This many summers in a sea of glory;
But far beyond my depth: my high-blown pride
At length broke under me; and now has left me,
Weary, and old with service, to the mercy
Of a rude stream, that must for ever hide me.

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Vain pomp and glory of this world, I hate ye;
I feel my heart new opened: 0, how wretched
Is that poor man that hangs on princes' favours !
There is, betwixt that smile we would aspire to,
That sweet aspect of princes, and their ruin,
More
pangs

and fears than wars or women have; And when he falls, he falls like Lucifer, Never to hope again.

3.

Enter CROMWELL, amazedly.

Why, how now, Cromwell ?
Crom. I have no power to speak, sir.
Wol.

What, amazed
At my misfortunes ? can thy spirit wonder
A great man should decline? Nay, an you weep,
I am fallen indeed.
Crom.

How does your grace?
Wol. .

Why, well;
Never so truly happy, my good Cromwell.
I know myself now; and I feel within me
A peace above all earthly dignities,
A still and quiet conscience. The king has cured me,
I humbly thank his grace; and from these shoulders,
These ruined pillars, out of pity, taken
A load would sink a navy, too much honour:
O, 'tis a burden, Cromwell, 'tis a burden,
Too heavy for a man that hopes for heaven.

Crom. I am glad your grace has made that right

use of it.

Wol. I hope I have: I am able now, methinks,
(Out of a fortitude of soul I feel)
To endure more miseries, and greater far,
Than my weak-hearted enemies dare offer.
What news abroad?
Crom.

The heaviest, and the worst,
Is your displeasure with the king.
Wol.

God bless him!
Crom. The next is, that Sir Thomas More is chosen
Lord Chancellor in your place.
Wol.

That's somewhat sudden: But he's a learned man. May he continue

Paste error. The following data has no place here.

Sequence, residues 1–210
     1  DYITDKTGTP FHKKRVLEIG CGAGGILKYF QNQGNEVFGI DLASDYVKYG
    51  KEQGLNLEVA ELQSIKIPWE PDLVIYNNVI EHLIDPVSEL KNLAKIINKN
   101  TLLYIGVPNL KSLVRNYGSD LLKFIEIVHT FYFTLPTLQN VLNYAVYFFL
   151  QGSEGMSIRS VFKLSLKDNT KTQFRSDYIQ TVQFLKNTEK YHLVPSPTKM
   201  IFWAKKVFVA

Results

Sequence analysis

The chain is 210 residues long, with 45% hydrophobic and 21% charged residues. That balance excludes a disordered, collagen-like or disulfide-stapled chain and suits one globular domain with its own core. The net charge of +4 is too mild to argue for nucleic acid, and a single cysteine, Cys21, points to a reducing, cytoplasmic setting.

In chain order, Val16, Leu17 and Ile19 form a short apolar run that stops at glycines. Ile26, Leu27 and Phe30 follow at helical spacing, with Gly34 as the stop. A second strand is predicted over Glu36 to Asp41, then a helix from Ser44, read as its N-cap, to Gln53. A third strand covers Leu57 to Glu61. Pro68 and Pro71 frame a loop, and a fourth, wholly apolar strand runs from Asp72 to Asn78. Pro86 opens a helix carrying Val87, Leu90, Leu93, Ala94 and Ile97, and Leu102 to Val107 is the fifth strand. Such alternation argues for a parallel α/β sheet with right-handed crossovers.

Long in his highness' favour, and do justice
For truth's sake, and his conscience; that his bones,
When he has run his course, and sleeps in blessings,
May have a tomb of orphans' tears wept on 'em!
What more?

Crom. That Cranmer is returned with welcome, Installed lord archbishop of Canterbury.

Wol. That's news indeed.

5.

Crom.

Last, that the Lady Anne,
Whom the king hath in secrecy long married,
This day was viewed in open, as his queen,
Going to chapel; and the voice is now
Only about her coronation.

Wol. There was the weight that pulled me down.

Cromwell, The king has gone beyond me; all my glories In that one woman I have lost for ever: No sun shall ever usher forth mine honours, Or gild again the noble troops that waited Upon my smiles. Go, get thee from me, Cromwell, I am a poor fallen man, unworthy now To be thy lord and master: Seek the king;

I

pray, may never set! I have told him
What, and how true thou art: he will advance thee;
Some little memory of me will stir him,
(I know his noble nature,) not to let
Thy hopeful service perish too: Good Cromwell,
Neglect him not; make use now, and provide
For thine own future safety.
Crom.

O, my lord,
Must I then leave you? Must I needs forego
So good, so noble, and so true a master?
Bear witness, all that have not hearts of iron,

That sun,

6